What Causes Musculoskeletal Pain?

You can feel musculoskeletal pain in your muscles, ligaments, tendons, and bones. What can you do to ease the aches?

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The Basics: Pinkeye Causes and Treatments

Say goodbye to pinkeye. Find out how to soothe your red, itchy eye and keep the infection from spreading.

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5 Amazing Benefits of Daily Meditation

Life a bit overwhelming? Five minutes of meditation 1-2 times per day can help you stop the world and send your woes packing. Here are 5 amazing benefits to daily meditation.

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Countdown to Baby: What Happens During Labor

Labor is a journey – and it’s different for every mom-to-be. Here’s how it might unfold for you.

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Lipase Tests: MedlinePlus Lab Test Information

What is a lipase test?

Lipase is a type of protein made by your pancreas, an organ located near your stomach. Lipase helps your body digest fats. It’s normal to have a small amount of lipase in your blood. But, a high level of lipase can mean you have pancreatitis, an inflammation of the pancreas, or another type of pancreas disease. Blood tests are the most common way of measuring lipase.

Other names: serum lipase, lipase, LPS

What is it used for?

A lipase test may be used to:

  • Diagnose pancreatitis or another disease of the pancreas
  • Find out if there is a blockage in your pancreas
  • Check for chronic diseases that affect the pancreas, including cystic fibrosis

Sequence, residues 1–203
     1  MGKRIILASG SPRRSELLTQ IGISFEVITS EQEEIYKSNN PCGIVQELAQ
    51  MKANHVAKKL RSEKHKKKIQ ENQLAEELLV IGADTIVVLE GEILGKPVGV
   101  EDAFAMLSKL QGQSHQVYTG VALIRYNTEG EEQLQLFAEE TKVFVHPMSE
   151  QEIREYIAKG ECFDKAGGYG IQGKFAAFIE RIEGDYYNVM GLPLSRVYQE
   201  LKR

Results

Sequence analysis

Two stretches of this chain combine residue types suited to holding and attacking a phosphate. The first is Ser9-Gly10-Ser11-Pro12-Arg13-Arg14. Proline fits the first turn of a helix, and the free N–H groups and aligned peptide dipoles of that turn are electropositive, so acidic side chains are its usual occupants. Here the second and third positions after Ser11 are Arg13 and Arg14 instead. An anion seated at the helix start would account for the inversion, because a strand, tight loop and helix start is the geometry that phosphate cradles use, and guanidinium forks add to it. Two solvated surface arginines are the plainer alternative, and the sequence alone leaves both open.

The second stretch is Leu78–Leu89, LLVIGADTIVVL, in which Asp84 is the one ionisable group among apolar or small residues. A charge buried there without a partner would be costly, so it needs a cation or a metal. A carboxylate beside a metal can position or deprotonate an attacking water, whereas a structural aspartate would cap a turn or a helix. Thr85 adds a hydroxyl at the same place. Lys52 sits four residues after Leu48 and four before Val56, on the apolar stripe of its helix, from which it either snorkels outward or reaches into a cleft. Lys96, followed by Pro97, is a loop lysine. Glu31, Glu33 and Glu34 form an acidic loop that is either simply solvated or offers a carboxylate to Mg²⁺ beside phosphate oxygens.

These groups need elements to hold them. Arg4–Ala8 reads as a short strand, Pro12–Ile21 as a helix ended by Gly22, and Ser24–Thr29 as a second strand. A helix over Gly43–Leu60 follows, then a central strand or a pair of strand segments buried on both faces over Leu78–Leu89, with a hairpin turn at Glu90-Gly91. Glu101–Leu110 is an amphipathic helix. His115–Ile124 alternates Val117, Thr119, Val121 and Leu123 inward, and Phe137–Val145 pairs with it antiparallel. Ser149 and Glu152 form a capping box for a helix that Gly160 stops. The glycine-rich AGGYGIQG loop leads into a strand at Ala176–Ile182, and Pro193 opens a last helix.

Why do I need a lipase test?

You may need a lipase test if you have symptoms of a pancreas disease. These include:

You may also need a lipase test if you certain risk factors for pancreatitis. These include:

You may also be at a higher risk if you are a smoker or heavy alcohol user.

What happens during a lipase test?

A lipase test is usually in the form of a blood test. During a blood test, a health care professional will take a blood sample from a vein in your arm, using a small needle. After the needle is inserted, a small amount of blood will be collected into a test tube or vial. You may feel a little sting when the needle goes in or out. This usually takes less than five minutes.

Lipase can also be measured in urine. Usually, a lipase urine test can be taken at any time of day, with no special preparation needed.

Will I need to do anything to prepare for the test?

You may need to fast (not eat or drink) for 8–12 hours before a lipase blood test. If your health care provider has ordered a lipase urine test, be sure to ask if you need to follow any special instructions.

Are there any risks to the test?